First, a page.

I was dubios about the metro/desktop mix at first, but the more you use it the more you get to appreciate it. There are many small improvements all over the place that you start to appreciate somewhere around the same time you let go of what used to be and start to work with the changes instead of against them. Much like the Ribbon UI. If anything, people have showed that they will adapt, they hop on the iPad band wagon, that change is radically bigger than anything Windows 8 can throw at them. Granted iPads are rarely used for “real” work as much as Desktop PCs are, but they are used more and more.

    And on top of that, there is nothing that forces you to adopt the metro side of things, at least not yet, the desktop is there and you can stay in it all the time if you wish (except for the start menu, but that transition is so smooth in the consumer preview it actually feels like a better start menu).

    Matt:
    The Windows 8 desktop mode to me is a better desktop system than Windows 7. It has Hyper-V, better accelerated remote desktop, better IE browser, better file system performance, nicer update/patching procedures, much improved startup time, connected live services, profile sync, vastly improved battery times on my laptop compared to win 7, the live tiles in the start menu quickly grow on you, much like I expect people grow into the windows phone. I have yet to see the final changes to the desktop, with toned down aero. I do like the aero feel, it makes the desktop feel just that, airy, spacey, I hope they can retain that feeling.

  • tim

    @Andrei to some extent, but:

    1. You have to swipe to see it.

    2. Only the desktop appears there, not individual desktop apps.

    Tim

  • Burak KALAYCI

    The problem with MS, IMHO, is that they still have no clue why Vista failed. Vista was a total wreck (in the wrong direction), but ask them, probably they will say it was a marketing failure or it was ahead of its time. [They will say the same after Win8].

    We have Win8 today as it is because MS never understood why Vista failed. (My other theory is that key positions are under pay from Apple). There is no was you can make sense of their strategy because a non-existing strategy simply doesn’t make sense.

    I wouldn’t normally care for their ‘stupidity’ but I happen to develop for Windows (since 3.0), and this time I will really need to migrate to another platform.

  • Niclas Lindgren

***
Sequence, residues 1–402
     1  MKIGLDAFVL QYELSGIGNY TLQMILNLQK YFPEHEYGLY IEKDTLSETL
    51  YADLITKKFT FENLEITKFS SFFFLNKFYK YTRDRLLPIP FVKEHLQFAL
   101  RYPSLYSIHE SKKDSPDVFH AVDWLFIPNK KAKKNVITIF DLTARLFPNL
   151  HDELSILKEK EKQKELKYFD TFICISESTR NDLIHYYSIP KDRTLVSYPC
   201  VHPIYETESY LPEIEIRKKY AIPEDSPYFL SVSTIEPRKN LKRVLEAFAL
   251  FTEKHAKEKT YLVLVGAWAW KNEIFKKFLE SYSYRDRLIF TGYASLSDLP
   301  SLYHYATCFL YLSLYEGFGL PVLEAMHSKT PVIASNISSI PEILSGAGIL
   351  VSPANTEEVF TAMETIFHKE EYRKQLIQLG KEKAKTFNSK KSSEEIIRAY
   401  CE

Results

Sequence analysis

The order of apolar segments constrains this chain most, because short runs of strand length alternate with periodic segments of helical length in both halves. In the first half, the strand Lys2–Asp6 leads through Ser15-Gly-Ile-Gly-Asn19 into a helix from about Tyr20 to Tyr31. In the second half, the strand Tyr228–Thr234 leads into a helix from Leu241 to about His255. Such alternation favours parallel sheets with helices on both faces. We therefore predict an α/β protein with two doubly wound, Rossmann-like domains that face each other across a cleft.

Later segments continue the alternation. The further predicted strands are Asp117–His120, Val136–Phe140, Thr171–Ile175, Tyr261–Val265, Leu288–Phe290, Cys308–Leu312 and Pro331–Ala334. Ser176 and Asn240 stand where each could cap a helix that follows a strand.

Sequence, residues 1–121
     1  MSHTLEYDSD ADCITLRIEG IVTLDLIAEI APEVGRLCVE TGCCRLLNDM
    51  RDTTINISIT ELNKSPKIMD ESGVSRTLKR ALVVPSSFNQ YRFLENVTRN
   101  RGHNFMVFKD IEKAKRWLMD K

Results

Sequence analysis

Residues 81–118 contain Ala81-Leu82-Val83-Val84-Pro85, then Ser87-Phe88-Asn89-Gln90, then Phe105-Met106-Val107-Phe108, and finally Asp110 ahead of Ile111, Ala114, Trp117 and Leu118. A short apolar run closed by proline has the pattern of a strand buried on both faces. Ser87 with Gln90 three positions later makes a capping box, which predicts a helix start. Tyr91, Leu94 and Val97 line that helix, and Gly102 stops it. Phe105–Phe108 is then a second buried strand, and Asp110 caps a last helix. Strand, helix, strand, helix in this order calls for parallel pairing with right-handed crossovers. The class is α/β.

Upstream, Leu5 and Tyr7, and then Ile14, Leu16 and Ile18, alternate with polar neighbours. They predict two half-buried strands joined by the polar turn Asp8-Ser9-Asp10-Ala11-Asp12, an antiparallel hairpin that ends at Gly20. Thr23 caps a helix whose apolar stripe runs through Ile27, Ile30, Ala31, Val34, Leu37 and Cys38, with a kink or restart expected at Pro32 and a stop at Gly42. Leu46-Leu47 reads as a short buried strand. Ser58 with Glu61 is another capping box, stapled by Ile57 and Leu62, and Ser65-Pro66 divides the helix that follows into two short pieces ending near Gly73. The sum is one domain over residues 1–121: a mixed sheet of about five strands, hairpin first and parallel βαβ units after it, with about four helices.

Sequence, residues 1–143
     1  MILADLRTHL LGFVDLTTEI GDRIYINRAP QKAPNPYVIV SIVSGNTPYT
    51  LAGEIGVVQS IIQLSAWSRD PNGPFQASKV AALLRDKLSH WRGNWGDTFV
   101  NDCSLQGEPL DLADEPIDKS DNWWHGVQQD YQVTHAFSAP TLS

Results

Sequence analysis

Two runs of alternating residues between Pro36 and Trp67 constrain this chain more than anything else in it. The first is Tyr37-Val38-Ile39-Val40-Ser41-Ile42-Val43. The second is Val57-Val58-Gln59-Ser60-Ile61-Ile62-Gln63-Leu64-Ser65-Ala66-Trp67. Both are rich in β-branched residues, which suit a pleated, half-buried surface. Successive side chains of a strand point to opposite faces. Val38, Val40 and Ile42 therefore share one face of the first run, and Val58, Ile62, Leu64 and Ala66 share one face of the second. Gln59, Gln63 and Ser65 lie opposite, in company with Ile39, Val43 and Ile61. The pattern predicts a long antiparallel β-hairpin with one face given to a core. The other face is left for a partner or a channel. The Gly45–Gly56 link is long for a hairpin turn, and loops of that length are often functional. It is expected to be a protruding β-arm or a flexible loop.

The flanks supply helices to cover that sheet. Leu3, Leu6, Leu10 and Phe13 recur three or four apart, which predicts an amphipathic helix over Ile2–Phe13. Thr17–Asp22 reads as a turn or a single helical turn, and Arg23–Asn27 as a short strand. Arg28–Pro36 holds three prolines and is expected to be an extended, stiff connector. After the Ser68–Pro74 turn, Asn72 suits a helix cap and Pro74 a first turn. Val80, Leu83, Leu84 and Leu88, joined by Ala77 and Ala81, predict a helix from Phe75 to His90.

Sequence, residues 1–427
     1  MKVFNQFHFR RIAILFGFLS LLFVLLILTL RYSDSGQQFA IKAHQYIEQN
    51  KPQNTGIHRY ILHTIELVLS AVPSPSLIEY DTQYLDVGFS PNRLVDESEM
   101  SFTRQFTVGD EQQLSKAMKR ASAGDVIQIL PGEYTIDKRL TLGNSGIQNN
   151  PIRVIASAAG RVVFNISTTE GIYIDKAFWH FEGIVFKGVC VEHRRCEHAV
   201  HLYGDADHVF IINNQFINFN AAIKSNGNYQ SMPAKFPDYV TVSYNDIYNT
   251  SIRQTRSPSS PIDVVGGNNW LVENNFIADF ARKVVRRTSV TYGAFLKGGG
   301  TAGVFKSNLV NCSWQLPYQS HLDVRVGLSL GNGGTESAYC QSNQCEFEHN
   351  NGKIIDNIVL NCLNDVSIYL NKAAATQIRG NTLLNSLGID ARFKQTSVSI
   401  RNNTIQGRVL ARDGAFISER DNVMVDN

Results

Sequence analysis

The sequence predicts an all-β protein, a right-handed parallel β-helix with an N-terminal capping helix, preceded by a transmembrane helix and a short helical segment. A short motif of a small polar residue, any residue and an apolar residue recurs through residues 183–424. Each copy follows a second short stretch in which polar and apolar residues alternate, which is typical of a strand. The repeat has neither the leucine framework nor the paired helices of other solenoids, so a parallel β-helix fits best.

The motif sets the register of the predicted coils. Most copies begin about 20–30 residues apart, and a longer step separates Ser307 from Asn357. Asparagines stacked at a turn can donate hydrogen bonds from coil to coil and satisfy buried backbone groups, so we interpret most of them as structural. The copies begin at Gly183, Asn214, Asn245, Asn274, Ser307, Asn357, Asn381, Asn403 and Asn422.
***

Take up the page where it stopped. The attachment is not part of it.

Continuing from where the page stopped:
Burak:
    MS definitely know why Vista failed, because they fixed exactly that and more in Windows 7. A better explanation would be that what the IT press mentioned as the reasons where not the correct reasons. Vista was never as bad as it rumour said it was, it is essentially all that Windows 7 is, except that they fixed a few resource issues. If it is one key take away why Vista failed it is that people want “fast and fluid”

    But perhaps instead of general statements and threat of leaving a platform you should share your insights. it would definitely be more interesting to read..

    Tim:
    I don’t understand, in WinRT you have the taskbar on the side for all metro apps, in desktop mode you have the taskbar where it has always been. And alt-tab works by showing previews of everything that it always did on top of that? It actually makes much more sense to not show all apps in the metro taskbar than it would showing them, because if you are using that taskbar you are likely in touch mode, for keyboard/mouse mode you won’t use it anyway.

    And you don’t need to swipe to get to the metro taskbar? Unless of course you are in touch only mode and can’t press Win+tab. But as I said in touch metaphor it makes little to no sense to even have the desktop running, the opposite works and then you usually Alt-tab where you see all.

  • Fritz

    The last two or three years have been quite liberating.
    I’m really thankful for not having to care about Microsoft’s opinions anymore. If they want a Frankenstein, so be it.
    I’m happy with the alternatives.

  • Burak KALAYCI

    > But perhaps instead of general statements and threat of leaving a platform you should share your insights. it would definitely be more interesting to read..

    Niclas: